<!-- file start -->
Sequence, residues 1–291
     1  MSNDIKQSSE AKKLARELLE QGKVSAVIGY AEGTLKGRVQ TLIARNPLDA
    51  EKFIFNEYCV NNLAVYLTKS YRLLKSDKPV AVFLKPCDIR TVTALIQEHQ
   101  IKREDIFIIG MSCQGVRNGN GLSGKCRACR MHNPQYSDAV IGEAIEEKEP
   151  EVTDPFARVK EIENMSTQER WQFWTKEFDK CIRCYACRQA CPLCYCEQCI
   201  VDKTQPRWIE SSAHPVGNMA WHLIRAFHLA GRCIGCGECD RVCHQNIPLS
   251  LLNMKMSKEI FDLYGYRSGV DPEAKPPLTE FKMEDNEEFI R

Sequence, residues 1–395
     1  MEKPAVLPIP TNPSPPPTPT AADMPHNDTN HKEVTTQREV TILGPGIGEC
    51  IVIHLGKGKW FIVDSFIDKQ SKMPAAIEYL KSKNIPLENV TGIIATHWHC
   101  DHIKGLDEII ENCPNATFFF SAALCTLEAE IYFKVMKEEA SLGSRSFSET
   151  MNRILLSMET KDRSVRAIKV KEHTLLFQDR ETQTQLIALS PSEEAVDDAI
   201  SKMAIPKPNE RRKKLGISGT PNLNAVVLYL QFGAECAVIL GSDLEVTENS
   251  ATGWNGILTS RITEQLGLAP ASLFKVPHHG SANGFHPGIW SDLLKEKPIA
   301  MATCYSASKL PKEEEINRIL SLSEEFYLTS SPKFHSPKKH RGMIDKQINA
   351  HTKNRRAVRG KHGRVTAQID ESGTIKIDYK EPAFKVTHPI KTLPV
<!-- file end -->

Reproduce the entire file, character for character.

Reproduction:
Sequence, residues 1–291
     1  MSNDIKQSSE AKKLARELLE QGKVSAVIGY AEGTLKGRVQ TLIARNPLDA
    51  EKFIFNEYCV NNLAVYLTKS YRLLKSDKPV AVFLKPCDIR TVTALIQEHQ
   101  IKREDIFIIG MSCQGVRNGN GLSGKCRACR MHNPQYSDAV IGEAIEEKEP
   151  EVTDPFARVK EIENMSTQER WQFWTKEFDK CIRCYACRQA CPLCYCEQCI
   201  VDKTQPRWIE SSAHPVGNMA WHLIRAFHLA GRCIGCGECD RVCHQNIPLS
   251  LLNMKMSKEI FDLYGYRSGV DPEAKPPLTE FKMEDNEEFI R

Sequence, residues 1–395
     1  MEKPAVLPIP TNPSPPPTPT AADMPHNDTN HKEVTTQREV TILGPGIGEC
    51  IVIHLGKGKW FIVDSFIDKQ SKMPAAIEYL KSKNIPLENV TGIIATHWHC
   101  DHIKGLDEII ENCPNATFFF SAALCTLEAE IYFKVMKEEA SLGSRSFSET
   151  MNRILLSMET KDRSVRAIKV KEHTLLFQDR ETQTQLIALS PSEEAVDDAI
   201  SKMAIPKPNE RRKKLGISGT PNLNAVVLYL QFGAECAVIL GSDLEVTENS
   251  ATGWNGILTS RITEQLGLAP ASLFKVPHHG SANGFHPGIW SDLLKEKPIA
   301  MATCYSASKL PKEEEINRIL SLSEEFYLTS SPKFHSPKKH RGMIDKQINA
   351  HTKNRRAVRG KHGRVTAQID ESGTIKIDYK EPAFKVTHPI KTLPV